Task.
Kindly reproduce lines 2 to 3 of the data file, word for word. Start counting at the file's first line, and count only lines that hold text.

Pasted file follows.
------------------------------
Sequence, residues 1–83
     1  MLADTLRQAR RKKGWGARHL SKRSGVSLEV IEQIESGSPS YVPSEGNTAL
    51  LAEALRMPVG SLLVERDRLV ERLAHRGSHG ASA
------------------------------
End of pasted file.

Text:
     1  MLADTLRQAR RKKGWGARHL SKRSGVSLEV IEQIESGSPS YVPSEGNTAL
    51  LAEALRMPVG SLLVERDRLV ERLAHRGSHG ASA